Optimum point located | Approximate obj. function | Original obj. function | MSE | Number of evaluations of the original function (NFE) | |
---|---|---|---|---|---|

Dejong-2D | |||||

SPSO | [0 0] | – | 0 | – | 1,000 |

SVM | [0 0] | −0.01 | 0 | 0.01 | 341 |

ANN | [0 0] | 0.0419 | 0 | −0.0419 | 627 |

Kriging | [0 0] | −8.84 × 10^{−7} | 0 | −8.84 × 10^{−7} | 346 |

Polynomial | [0 0] | −4.34 × 10^{−15} | 0 | 4.34 × 10^{−15} | 306 |

Dejong-8D | |||||

SPSO | [00000000] | – | 0 | – | 9,000 |

SVM | [00000000] | −0.0408 | 0 | 0.0408 | 1,159 |

ANN | [00000000] | 8.14 × 10^{−4} | 0 | −0.0114 | 2,021 |

Kriging | [-0.0636–0.029–0.0596–0.1245 0.0166 0.0023 0.006–0.0270] | −5.2683 × 10^{−4} | 0.8854 | 0.8859 | 2,346 |

Polynomial | [00000000] | −2.329 × 10^{−3} | 0 | −2.329 × 10^{−3} | 1,201 |

Ackley-2D | |||||

SPSO | [0 0] | – | 0 | – | 1,000 |

SVM | [0 0] | 0.1672 | 0 | −0.1672 | 256 |

ANN | [0 0] | 0.159 | 0 | −0.159 | 494 |

Kriging | [0 0] | 0.0896 | 0 | −0.0896 | 667 |

Polynomial | [0 0] | 0.9987 | 0 | −0.998 | 2,893 |

Ackley-8D | |||||

SPSO | [00000000] | – | 0 | – | 9,000 |

SVM | [00000000] | 0.00275 | 0 | 0.00275 | 1,956 |

ANN | [00000000] | 0.2025 | 0 | −0.2025 | 6,215 |

Kriging | [−0.0175 0.0779–0.0046–0.006 0.05 0.0776–0.0125 0.1071] | 0.07981 | 0.07869 | −0.012 | 8,345 |

Polynomial | [−0.2548–0.2732-0.0562–0.4618 0.1307–0.1127 0.3673–0.1004] | 4.7988 | 2.7613 | −2.0376 | 9,689 |

Optimum point located | Approximate obj. function | Original obj. function | MSE | Number of evaluations of the original function (NFE) | |
---|---|---|---|---|---|

Dejong-2D | |||||

SPSO | [0 0] | – | 0 | – | 1,000 |

SVM | [0 0] | −0.01 | 0 | 0.01 | 341 |

ANN | [0 0] | 0.0419 | 0 | −0.0419 | 627 |

Kriging | [0 0] | −8.84 × 10^{−7} | 0 | −8.84 × 10^{−7} | 346 |

Polynomial | [0 0] | −4.34 × 10^{−15} | 0 | 4.34 × 10^{−15} | 306 |

Dejong-8D | |||||

SPSO | [00000000] | – | 0 | – | 9,000 |

SVM | [00000000] | −0.0408 | 0 | 0.0408 | 1,159 |

ANN | [00000000] | 8.14 × 10^{−4} | 0 | −0.0114 | 2,021 |

Kriging | [-0.0636–0.029–0.0596–0.1245 0.0166 0.0023 0.006–0.0270] | −5.2683 × 10^{−4} | 0.8854 | 0.8859 | 2,346 |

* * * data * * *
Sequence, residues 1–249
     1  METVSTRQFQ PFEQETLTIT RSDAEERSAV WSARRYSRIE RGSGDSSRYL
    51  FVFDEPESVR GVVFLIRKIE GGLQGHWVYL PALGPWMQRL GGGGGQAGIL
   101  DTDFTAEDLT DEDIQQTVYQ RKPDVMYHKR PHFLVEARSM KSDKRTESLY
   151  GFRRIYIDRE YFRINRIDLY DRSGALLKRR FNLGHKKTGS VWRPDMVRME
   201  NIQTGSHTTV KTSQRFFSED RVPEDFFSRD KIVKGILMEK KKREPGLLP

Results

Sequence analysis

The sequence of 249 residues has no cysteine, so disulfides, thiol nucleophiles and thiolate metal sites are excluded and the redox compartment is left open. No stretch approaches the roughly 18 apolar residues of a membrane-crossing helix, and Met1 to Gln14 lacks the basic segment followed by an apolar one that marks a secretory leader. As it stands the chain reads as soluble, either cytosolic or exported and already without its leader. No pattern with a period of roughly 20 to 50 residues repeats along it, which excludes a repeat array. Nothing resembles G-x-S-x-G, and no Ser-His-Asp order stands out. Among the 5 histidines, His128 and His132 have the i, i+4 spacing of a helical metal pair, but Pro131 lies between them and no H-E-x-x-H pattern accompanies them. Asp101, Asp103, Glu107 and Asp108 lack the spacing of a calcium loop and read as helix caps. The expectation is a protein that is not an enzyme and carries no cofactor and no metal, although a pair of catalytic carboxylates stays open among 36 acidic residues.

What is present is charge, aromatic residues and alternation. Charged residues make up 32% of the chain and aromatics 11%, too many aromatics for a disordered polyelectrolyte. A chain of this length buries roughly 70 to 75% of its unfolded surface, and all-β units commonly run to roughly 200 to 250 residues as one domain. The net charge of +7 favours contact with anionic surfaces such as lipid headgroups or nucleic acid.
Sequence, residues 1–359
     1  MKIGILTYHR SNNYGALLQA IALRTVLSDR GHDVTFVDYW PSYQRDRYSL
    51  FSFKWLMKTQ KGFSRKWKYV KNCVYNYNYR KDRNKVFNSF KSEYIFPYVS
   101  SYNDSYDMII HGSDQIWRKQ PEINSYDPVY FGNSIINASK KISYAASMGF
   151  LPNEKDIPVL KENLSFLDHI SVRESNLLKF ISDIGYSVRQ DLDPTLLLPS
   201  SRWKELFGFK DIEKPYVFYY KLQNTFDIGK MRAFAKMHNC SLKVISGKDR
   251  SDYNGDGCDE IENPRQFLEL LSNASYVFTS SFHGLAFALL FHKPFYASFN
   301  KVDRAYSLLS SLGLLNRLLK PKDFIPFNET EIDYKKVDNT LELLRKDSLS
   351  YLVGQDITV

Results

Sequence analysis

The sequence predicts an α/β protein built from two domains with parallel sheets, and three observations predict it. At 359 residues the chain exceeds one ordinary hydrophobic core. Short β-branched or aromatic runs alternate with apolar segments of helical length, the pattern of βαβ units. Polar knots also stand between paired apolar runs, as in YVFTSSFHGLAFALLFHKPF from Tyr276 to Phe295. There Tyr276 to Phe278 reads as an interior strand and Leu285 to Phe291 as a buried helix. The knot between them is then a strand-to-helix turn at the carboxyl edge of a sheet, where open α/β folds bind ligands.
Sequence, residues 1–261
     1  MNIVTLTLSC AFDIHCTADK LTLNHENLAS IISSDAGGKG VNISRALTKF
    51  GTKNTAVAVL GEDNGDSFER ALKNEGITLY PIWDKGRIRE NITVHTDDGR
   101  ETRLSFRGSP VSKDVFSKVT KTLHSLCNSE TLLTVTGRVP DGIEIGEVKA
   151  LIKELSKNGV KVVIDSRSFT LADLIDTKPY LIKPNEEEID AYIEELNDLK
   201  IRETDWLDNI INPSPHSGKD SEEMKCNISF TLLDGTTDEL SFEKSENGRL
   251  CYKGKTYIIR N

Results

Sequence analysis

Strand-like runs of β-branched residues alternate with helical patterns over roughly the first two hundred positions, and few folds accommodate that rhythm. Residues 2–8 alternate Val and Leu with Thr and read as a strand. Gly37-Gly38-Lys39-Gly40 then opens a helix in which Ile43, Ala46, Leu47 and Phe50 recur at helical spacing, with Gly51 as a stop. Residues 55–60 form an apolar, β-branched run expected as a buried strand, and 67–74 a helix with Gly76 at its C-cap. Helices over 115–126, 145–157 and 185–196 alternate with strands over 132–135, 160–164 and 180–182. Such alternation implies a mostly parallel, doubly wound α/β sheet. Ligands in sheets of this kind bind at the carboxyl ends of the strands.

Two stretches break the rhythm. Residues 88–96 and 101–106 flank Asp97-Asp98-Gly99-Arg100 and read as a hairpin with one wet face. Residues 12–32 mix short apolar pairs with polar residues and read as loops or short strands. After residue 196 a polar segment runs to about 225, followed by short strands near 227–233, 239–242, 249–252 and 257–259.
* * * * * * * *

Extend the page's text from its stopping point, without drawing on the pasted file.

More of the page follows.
Polynomial | [00000000] | −2.329 × 10^{−3} | 0 | −2.329 × 10^{−3} | 1,201 |

Ackley-2D | |||||

SPSO | [0 0] | – | 0 | – | 1,000 |

SVM | [0 0] | 0.1672 | 0 | −0.1672 | 256 |

ANN | [0 0] | 0.159 | 0 | −0.159 | 494 |

Kriging | [0 0] | 0.0896 | 0 | −0.0896 | 667 |

Polynomial | [0 0] | 0.9987 | 0 | −0.998 | 2,893 |

Ackley-8D | |||||

SPSO | [00000000] | – | 0 | – | 9,000 |

SVM | [00000000] | 0.00275 | 0 | 0.00275 | 1,956 |

ANN | [00000000] | 0.2025 | 0 | −0.2025 | 6,215 |

Kriging | [−0.0175 0.0779–0.0046–0.006 0.05 0.0776–0.0125 0.1071] | 0.07981 | 0.07869 | −0.012 | 8,345 |

Polynomial | [−0.2548–0.2732-0.0562–0.4618 0.1307–0.1127 0.3673–0.1004] | 4.7988 | 2.7613 | −2.0376 | 9,689 |

Dejong function is a well-behaved, convex, uni-model function. For the case of Dejong-2D function, the ASSF approach with all the meta-models has successfully located the optimum point (*x** = [0]_{1×2}) with minimum and maximum NFE associating with polynomial and ANN meta-models, respectively. However, SVM and kriging have maintained almost the same NFE, which means that these two meta-models have performed almost the same. Polynomial, SVM and kriging meta-models have been able to find the global minimum with NFE less than 350 function evaluations, whereas ANN has needed more function evaluations. The reason why ANN has required a larger NFE to optimize such a simple function is consistent with the fact that larger sets of design points are typically required to train neural networks (Yan & Minsker 2006; Zou *et al.* 2007), and at the same time the adaptively updating mechanism of the ASSF approach plays a less significant role in low-dimensional search spaces.

For the case of Dejong-8D function, the SVM, ANN and polynomial meta-models have successfully located the optimum point (*x** = [0]_{1×8}) with minimum NFE and 4.08% error percentage belonging to SVM (Table 1). For the smooth function of Dejong, simple learning techniques such as polynomial response functions are enough, and more complicated techniques of ANN and kriging, requiring more data points to be properly trained, are not necessary.

The Ackley function is a more complex, non-smooth function containing numerous local minima with no detectible trend toward the global region of attraction. For the case of Ackley-2D function, the polynomial meta-model has required a larger NFE to reach the optimum point (*x** = [0]_{1×2}), and SVM has outperformed the others with the smallest NFE equal to 256 followed by ANN with 494. Therefore, SVM and ANN surrogates have performed better for the more complex function optimization problem. The polynomial meta-model has failed to reach the optimum point due to the limitation in the random access memory (RAM) of the computer used.